campuses Senate Majority Leader Mike Mansﬁeld, a liberal Democrat from Montana,
proposed the Mansﬁeld Amendment. This amendment to the Defense Procurement
Authorization Act of 1970 required that DOD only support basic research “with a
direct and apparent relationship to a speciﬁc military function or operation.” (Hauben,
1999) Apparently the intent was to diminish the DOD presence on college campuses.
1. Department of Management Science, Research Program in Social and Organizational Learning, The George
Washington University. Email: email@example.com
During World War II, Heinz had conducted research in Germany, but he had
conducted only theoretical research that had no military applications. Following the
passage of the Mansﬁeld Amendment each researcher who had been receiving DOD
funds was required to explain the relationship of the research to a military mission.
Heinz replied to this question that the research at BCL was not related to a military
mission. Hence, the people in DOD could provide no further funds to support the
research in cybernetics that BCL had been doing.
When faced with the same question the people doing research on artiﬁcial
intelligence and robotics became creative. They imagined a variety of futuristic
electronic and robotic devices on battleﬁelds. These science ﬁction-like descriptions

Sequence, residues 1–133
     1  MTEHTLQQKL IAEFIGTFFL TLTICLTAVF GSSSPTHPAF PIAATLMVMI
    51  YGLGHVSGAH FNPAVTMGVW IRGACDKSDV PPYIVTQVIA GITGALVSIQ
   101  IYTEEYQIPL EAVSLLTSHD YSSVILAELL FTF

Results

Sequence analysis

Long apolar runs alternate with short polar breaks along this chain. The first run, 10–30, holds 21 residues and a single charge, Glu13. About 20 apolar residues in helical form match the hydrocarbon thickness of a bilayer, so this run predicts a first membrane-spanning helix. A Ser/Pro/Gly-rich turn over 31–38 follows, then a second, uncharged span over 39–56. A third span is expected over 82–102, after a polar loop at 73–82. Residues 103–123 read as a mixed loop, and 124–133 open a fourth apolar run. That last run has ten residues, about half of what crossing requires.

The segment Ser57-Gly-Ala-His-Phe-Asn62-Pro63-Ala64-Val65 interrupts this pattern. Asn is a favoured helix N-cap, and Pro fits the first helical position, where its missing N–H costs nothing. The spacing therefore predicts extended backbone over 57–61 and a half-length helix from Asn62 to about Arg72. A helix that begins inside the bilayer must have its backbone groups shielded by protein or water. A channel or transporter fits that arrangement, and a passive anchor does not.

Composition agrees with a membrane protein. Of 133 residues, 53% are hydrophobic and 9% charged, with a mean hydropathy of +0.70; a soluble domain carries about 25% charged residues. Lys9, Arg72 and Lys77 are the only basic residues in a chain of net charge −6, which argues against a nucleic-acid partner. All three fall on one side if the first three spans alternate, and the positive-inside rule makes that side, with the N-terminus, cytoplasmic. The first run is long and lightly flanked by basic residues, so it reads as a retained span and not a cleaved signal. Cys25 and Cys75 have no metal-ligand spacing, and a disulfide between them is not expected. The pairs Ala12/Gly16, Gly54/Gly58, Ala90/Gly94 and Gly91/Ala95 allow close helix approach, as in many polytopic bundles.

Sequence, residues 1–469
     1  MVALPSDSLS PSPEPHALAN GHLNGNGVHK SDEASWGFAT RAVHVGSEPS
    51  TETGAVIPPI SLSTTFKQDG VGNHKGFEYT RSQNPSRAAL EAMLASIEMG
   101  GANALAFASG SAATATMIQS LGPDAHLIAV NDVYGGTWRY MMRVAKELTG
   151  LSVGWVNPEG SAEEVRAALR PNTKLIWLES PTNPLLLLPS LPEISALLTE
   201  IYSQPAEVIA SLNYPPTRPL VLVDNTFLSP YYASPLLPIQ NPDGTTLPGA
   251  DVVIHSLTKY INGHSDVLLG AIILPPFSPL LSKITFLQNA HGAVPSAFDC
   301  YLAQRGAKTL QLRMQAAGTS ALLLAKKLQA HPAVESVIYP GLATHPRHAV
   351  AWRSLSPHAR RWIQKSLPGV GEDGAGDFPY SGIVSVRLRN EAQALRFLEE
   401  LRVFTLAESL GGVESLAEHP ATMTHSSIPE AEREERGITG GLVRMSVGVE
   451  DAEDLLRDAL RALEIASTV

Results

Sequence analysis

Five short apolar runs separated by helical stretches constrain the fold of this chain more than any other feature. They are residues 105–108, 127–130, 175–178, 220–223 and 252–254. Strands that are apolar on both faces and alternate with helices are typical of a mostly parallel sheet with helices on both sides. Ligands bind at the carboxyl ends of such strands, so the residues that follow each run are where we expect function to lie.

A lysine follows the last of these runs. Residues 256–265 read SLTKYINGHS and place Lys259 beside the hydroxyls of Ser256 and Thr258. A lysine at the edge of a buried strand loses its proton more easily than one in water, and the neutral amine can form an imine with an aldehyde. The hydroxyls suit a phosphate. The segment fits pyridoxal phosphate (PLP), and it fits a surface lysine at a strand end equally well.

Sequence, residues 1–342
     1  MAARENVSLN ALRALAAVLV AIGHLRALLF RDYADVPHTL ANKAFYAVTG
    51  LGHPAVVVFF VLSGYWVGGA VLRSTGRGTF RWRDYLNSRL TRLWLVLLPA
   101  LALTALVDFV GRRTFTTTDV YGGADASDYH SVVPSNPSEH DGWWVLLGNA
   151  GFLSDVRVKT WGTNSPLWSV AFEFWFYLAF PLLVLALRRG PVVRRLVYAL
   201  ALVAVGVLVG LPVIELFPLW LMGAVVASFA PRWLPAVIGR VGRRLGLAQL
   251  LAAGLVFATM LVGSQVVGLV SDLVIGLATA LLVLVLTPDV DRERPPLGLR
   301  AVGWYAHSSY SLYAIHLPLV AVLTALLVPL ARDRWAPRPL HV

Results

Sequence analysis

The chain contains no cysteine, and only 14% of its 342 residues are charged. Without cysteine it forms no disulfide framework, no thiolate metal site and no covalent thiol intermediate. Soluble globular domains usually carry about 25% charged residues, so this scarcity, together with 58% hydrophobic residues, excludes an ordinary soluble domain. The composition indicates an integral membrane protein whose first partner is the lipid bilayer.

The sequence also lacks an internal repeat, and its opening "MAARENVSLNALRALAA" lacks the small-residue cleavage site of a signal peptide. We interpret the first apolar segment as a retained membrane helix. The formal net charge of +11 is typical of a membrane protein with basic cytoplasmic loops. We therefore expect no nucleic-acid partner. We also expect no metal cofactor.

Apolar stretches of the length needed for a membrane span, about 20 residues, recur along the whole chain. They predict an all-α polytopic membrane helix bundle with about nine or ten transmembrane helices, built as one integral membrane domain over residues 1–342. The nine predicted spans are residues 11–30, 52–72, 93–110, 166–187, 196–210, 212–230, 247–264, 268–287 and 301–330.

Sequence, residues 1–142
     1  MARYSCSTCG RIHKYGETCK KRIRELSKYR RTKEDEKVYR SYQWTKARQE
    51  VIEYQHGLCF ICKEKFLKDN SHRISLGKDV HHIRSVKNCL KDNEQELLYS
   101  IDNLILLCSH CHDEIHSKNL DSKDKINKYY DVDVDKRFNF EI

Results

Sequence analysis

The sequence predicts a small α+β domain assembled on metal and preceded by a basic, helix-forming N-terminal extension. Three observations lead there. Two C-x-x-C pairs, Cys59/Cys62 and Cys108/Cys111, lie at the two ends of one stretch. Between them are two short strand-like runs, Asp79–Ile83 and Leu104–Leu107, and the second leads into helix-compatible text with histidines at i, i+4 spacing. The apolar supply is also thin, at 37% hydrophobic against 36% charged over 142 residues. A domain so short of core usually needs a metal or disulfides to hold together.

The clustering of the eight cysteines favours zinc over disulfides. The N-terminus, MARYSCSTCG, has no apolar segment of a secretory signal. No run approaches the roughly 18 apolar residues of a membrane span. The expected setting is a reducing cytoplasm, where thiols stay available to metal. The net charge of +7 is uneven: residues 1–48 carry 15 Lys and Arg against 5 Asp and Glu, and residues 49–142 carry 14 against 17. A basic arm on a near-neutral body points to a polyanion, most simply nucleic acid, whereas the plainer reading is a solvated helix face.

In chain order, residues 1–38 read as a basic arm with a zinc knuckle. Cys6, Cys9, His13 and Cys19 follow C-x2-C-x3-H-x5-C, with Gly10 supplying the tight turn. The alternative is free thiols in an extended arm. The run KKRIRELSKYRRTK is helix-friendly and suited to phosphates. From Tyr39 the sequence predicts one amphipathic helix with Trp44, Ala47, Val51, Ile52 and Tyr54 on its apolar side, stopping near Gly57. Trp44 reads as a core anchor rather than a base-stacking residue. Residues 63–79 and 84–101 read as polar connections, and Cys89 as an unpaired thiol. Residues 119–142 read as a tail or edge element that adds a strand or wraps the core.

proved to be quite popular in Washington, DC. The funding agencies within DOD
used them to request more research funds from Congress. The members of Congress
were favorably inclined. They reasoned that the more automated the battleﬁeld was,
the fewer soldiers / voters would be killed or wounded.
In 1971 Congress created a new program, Research Applied to National Needs
(RANN), within the National Science Foundation (2003). At BCL people hoped that
this program would continue some of the non-military research that DOD had been
supporting. There were two problems with RANN. First, it focused on applied
research rather than basic research. The interdisciplinary, basic research that DOD had
been funding had no obvious place to go. Second, the people in RANN were a